Palm Desert, California, USA. 25th April, 2022. Los Angeles Beverly Arts (LABA) Icon Award winners Todd Williamson and Joe Davidson, are currently exhibiting with artist Christina Craemer at Imago Galleries in Palm Desert, California. The exhibition is named "The Deeper the Blue," and explores the ideas of color, spirit, and freedom. The renowned painter Wassily Kandinsky, known for abstracts and expressionist use of color, stated that “color is a means of exercising direct influence upon the soul, where color is the keyboard, the eye the hammer, and the soul the piano of many strings.” Artists Craemer, Davidson, and Williamson question color in this exhibition and its place in our emotions and spirituality. The use of color calls out to the deeper nature of our hearts and minds.
According to Wassily Kandinsky in his prophetic 1912 book, Concerning the Spiritual in Art, “the deeper the blue becomes, the more strongly it calls man towards the infinite”. Coming out of the COVID years and a worldwide lockdown, the world is looking inwards and questioning its existence. Unlike other colors, the color blue “Awakens (in him/her/they) a desire for the pure”. This desire is coming at us in all directions as we question how much we work and play and what we give our attention to. We are questioning where we live and how we interact with others. Kandinsky goes on to say, “The brighter it (blue) becomes, the more it loses its sound until it turns into silent stillness and becomes white.” White has long been associated with positive energy, protection, and a connection with God.
In this exhibition, the works of three Los Angeles artists are connected through the power of color and specifically around the color blue. Christina Craemer’s mystical waterfalls and hazy imagery creates magical places where our minds search for calm, and a place that is definitively ours. In her travels she collects images that she processes from photographic images into the grand visions that are her art.
Joe Davidson’s art is specific to our eyes and calls to our minds to release the idea we have of what we expect to see. Dangling goldish sunflowers that are flat and pressed to the walls are sculptural and invite us to look closely to discover what they are saying, while soft white balloon sculptures hint at an uncovered joy, private thought or sexual fantasy.
Todd Williamson’s large-scale color fields hint at the spiritual, but recall life as it moves upward and around the colors. These monumental works have a quiet intensity and depth that demands a closer inspection. Williamson’s large monumental works hint at great things to come and movement through life.
The great Louise Bourgeois once stated that the color blue was the hallmark of freedom of speech. She felt that “the color blue means you have left the drabness of day to day reality to be transported into a world of freedom where you can say what you like and what you don't like. We are moving society forward where this aspect is at a pinnacle of our society, speaking out against injustice, cruelty, oppression, or the destruction of the planet.” This statement is visible in Williamson’s large hazy-blue work called “Two Sides of Tomorrow” where a fragility exists between the visible surface and just beneath this. Craemer's mystic waterfalls ebb and flow down the walls of the canvas inviting us to their mythical world, while Davidson’s highly charged sexual balloon sculptures appear like flaccid penises and wait to tell their story.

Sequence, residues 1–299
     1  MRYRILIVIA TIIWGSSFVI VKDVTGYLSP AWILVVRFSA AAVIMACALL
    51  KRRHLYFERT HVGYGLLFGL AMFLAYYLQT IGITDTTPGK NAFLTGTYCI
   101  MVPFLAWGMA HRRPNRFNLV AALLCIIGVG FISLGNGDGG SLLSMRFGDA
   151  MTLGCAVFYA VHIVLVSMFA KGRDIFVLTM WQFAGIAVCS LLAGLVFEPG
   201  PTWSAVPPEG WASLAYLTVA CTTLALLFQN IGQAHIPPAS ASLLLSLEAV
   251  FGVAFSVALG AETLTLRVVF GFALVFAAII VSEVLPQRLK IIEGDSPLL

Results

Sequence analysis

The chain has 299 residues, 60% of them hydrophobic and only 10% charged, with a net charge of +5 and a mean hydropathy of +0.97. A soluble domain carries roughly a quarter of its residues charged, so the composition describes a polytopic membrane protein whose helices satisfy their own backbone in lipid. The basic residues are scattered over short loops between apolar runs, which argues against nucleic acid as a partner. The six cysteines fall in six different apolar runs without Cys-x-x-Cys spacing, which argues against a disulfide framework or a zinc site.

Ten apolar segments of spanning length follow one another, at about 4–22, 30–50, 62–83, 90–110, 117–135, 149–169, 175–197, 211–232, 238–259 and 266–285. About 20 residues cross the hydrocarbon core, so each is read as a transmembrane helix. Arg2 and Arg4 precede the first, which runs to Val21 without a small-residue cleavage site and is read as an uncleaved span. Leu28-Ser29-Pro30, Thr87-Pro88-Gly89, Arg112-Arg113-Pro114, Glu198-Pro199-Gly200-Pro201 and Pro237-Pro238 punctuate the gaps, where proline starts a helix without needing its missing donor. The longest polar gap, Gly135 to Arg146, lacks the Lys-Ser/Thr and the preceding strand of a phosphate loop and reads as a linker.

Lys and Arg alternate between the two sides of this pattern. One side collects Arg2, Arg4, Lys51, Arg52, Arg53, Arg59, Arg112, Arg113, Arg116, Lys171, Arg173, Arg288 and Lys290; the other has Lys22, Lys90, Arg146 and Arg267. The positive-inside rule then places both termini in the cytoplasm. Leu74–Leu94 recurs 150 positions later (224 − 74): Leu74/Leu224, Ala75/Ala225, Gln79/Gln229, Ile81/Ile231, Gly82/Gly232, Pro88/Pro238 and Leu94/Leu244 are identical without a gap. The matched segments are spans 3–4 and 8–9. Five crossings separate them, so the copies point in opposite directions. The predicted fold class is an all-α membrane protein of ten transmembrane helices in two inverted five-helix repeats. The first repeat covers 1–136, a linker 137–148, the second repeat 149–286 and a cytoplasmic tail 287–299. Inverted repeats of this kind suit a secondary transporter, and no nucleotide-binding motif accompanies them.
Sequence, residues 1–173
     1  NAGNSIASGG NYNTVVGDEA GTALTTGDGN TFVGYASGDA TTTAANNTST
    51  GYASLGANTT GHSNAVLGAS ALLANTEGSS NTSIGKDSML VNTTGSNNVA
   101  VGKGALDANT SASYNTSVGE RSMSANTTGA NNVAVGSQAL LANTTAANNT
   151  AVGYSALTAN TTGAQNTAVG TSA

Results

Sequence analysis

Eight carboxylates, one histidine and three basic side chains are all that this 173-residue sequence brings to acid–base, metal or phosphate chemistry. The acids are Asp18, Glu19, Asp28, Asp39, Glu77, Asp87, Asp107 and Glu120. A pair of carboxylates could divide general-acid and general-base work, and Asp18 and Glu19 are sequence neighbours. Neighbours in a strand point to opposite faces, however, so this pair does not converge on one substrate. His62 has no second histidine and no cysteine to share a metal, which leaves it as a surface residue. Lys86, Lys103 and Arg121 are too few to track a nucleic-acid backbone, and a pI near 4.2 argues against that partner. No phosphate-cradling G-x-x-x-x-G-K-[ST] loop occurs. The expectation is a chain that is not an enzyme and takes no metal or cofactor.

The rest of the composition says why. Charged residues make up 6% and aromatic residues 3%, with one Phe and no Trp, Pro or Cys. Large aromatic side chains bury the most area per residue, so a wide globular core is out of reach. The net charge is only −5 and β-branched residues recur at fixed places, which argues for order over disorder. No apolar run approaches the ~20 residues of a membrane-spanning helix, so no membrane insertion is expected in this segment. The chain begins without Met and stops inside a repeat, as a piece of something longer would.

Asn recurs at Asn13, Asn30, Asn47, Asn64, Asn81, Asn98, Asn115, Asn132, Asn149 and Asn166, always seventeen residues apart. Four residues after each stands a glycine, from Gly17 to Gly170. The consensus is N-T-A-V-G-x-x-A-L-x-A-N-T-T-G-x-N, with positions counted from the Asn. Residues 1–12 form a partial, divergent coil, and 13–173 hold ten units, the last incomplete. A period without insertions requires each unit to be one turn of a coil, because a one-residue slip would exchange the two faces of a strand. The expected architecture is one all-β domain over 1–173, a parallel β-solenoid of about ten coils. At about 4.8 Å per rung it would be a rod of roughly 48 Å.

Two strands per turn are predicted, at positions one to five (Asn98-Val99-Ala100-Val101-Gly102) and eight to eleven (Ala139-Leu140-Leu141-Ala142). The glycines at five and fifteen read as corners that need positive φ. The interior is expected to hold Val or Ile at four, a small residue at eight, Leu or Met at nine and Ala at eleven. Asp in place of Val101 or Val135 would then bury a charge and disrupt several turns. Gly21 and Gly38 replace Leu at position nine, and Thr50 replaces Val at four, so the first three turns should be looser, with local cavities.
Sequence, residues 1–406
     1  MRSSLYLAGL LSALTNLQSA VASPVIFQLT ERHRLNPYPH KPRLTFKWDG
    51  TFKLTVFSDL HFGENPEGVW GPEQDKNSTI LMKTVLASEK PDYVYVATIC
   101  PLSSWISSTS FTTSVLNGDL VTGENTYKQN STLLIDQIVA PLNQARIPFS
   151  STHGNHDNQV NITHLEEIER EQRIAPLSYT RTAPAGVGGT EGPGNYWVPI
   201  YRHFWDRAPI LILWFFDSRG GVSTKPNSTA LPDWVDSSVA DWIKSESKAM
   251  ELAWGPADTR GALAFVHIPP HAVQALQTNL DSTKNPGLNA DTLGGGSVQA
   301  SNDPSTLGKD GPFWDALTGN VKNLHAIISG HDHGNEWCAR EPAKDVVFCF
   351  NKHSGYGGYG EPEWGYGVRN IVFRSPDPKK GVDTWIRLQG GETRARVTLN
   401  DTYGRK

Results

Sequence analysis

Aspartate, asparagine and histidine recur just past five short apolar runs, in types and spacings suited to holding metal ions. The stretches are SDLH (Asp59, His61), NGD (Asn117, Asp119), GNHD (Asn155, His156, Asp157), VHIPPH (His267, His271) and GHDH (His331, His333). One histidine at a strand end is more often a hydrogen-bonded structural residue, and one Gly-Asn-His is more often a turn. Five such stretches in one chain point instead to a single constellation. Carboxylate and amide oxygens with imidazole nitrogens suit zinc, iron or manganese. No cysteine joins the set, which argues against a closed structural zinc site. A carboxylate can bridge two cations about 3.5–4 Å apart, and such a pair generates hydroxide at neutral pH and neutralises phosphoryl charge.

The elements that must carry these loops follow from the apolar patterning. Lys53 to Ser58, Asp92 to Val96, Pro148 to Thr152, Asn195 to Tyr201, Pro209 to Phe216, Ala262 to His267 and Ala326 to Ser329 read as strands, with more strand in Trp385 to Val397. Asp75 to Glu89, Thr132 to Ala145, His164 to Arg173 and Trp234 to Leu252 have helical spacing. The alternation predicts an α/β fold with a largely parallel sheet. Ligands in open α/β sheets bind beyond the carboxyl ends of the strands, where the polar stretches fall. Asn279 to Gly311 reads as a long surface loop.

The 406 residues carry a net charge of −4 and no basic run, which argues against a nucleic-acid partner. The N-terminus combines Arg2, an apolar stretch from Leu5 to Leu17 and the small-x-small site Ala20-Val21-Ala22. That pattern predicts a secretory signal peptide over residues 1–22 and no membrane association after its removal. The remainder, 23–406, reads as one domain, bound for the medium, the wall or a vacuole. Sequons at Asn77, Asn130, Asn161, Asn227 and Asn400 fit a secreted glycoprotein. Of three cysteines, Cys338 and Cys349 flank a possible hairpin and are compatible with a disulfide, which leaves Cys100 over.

Each of the three artists quietly discusses how they see and live in the world. How the color of life is different for each and how color and abstraction are powerful monikers of who and what we are. Williamson uses the vertical line to symbolize the movement of life in many of his works such as “Aligning with Reason” and “Silent Stillness”. This “sword”, as he calls it, slices through the middle of the work at times and at other times lies solemnly on the side of the work still discussing the movement of our lives through time, hopes, fear, and desires.
Craemer uses soft hazy images to create another world where we hide from the garishness of daily life and softly breathe. Waterfalls, cathedrals, and trees make up much of this otherworldly scenery while she seamlessly connects the colors to the eye of the viewer to bring them into her world.
Davidson uses sculpture to question the world and to move the viewer to question why and how things exist as they do. Sometimes these statements are humorous and point out the obvious while at other times they confuse our concept of what the world is. His sunflowers seem to flow down the wall to us as we gaze at them and the soft edges of the balloon work, which are sensual and soft in their flaccid state and seem somewhat heretical in their quiet white ominous form.
"The Deeper the Blue" is currently on exhibition through Summer 2022 at Imago Galleries, 45-450 Highway 74, Palm Desert, CA 92260.
About Imago Galleries
Founded in 1991, Imago Galleries is considered one of the West Coast’s premier fine art galleries and event venues. At 18,000 square feet, the gallery is often mistaken for a boutique museum and boasts a 6,000 square foot sculpture garden as well as an a 3,500 square foot terrace. Imago has held exhibitions for well-known artists as Ed Ruscha, Tom Wesselmann, Dennis Hopper, Jennifer Bartlett, Mel Ramos, Arman, Peter Halley, Robert Graham, and William Wegman.
Todd Williamson artist.